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Hidden diversity: “The Road Home”

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Photo of Sydney Shalz, Culturs Club Vice President, introducing the film “The Road Home” to audience members.

Pico lives in India. Pico looks like an Indian, but Pico identifies as being British. The film “The Road Home” illustrates the life of a child growing up in a culture that is not his own, it’s not what he’s used to. Even though this child, Pico, looks like everyone in the culture, he doesn’t feel like he fits in or belongs.

A woman in the film, Mary, tells Pico to look at his skin. She is trying to comfort him and make him feel like he belongs, but Pico’s response to her is that she is a racist. “I don’t feel Indian inside,” Pico says.

Too often, we can define people based on the way they look. If you grew up in the same culture all of your life, I’m sure you think this way too. However, “The Road Home” captures this emotion of not belonging. When you look at someone and define them based on the way they look, you could easily be making someone feel like they too do not belong.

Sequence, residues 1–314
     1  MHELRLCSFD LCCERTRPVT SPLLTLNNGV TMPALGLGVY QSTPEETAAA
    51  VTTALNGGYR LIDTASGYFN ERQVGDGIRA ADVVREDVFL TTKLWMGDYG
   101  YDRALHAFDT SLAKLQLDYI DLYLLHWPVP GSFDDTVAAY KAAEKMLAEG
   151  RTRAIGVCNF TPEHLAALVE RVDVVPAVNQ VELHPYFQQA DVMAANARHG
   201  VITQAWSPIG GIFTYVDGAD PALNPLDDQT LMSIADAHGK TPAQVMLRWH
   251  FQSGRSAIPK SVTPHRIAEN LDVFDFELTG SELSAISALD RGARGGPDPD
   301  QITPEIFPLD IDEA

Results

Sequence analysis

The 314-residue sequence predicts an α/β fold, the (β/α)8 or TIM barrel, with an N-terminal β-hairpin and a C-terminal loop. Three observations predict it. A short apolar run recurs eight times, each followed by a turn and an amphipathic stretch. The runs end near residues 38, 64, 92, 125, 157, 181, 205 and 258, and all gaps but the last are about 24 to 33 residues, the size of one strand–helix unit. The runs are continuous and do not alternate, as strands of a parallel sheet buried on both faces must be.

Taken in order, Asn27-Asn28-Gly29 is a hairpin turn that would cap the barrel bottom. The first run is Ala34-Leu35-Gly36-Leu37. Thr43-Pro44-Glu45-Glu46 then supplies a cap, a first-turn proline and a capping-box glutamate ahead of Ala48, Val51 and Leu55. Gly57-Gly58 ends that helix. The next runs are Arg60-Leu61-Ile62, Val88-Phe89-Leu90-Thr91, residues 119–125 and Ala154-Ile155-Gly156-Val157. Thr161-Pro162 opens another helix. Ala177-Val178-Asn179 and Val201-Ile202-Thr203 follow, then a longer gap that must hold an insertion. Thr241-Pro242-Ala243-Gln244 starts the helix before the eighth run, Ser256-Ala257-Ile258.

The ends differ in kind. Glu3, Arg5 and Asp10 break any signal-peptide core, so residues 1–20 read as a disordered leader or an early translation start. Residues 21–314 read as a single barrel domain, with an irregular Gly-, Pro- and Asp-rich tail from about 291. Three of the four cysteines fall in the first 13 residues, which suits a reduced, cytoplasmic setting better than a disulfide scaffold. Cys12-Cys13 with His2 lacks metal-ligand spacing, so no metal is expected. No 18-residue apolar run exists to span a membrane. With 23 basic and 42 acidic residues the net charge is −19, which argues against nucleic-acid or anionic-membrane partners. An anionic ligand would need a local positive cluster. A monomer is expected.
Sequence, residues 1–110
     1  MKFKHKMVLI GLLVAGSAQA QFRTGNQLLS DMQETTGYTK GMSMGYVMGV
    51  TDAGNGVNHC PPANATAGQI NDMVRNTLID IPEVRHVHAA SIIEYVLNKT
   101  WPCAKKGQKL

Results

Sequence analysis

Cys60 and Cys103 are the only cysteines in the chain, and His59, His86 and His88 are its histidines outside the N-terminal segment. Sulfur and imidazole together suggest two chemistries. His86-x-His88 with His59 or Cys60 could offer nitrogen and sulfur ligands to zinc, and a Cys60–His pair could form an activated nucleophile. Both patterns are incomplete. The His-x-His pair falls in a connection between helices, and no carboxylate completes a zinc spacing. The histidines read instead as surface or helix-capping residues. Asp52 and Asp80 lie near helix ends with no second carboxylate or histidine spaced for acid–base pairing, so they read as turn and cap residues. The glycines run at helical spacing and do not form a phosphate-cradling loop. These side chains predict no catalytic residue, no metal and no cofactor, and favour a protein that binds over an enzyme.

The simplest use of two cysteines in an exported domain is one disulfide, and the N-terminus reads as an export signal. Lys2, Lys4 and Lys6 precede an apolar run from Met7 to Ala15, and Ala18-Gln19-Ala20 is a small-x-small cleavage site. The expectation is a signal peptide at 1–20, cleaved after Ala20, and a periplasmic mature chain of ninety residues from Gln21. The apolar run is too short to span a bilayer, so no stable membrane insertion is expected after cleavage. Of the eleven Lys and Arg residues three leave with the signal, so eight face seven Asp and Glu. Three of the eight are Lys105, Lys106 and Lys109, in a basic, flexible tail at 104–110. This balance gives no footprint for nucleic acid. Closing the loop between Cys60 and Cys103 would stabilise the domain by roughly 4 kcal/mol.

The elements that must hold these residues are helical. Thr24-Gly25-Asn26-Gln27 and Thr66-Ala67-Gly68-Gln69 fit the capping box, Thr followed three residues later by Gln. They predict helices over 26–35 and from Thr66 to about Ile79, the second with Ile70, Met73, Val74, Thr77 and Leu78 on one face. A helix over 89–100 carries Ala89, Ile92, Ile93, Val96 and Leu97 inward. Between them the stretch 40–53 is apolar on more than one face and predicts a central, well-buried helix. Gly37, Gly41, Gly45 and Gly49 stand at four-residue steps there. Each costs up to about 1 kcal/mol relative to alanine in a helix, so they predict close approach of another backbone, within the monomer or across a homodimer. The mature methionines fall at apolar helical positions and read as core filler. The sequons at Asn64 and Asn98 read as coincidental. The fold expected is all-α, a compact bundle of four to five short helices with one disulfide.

Audience member, Lia Conger, said about the film, “It captured getting to know someone in real life.” In the beginning, you see India and the face of a boy who looks Indian. However, slowly the film reveals the boy cannot speak Indian. Instead, he speaks English. You get to know this boy, Pico, more and more as the film unravels him. This is how you meet someone in real life. You make your initial judgment, but really need to find out more about the person before you can define them.

“I noticed hostility from both sides,” another audience member said. Pico was angry that no one saw him for the way he saw himself, and unfortunately everyone else was angry that Pico didn’t see himself the way they did.

It’s all so easy to write down and say; “You should never judge a book by its cover.” The hard part is actually doing it and changing your outlook on the way you define individuals. Seeing that sadness and confusion in Pico’s eyes is enough for someone to want to change their outlook.

Think hard about why you like the people you do. It’s because there is something in their personality that makes you smile. There’s something about them that makes your heart feel warm. Each individual is who he or she is because of their experiences and the eyes they looked through while going through each of those experiences. Instead of defining someone, try getting to know them. You might be surprised to learn they aren’t who you thought they were.

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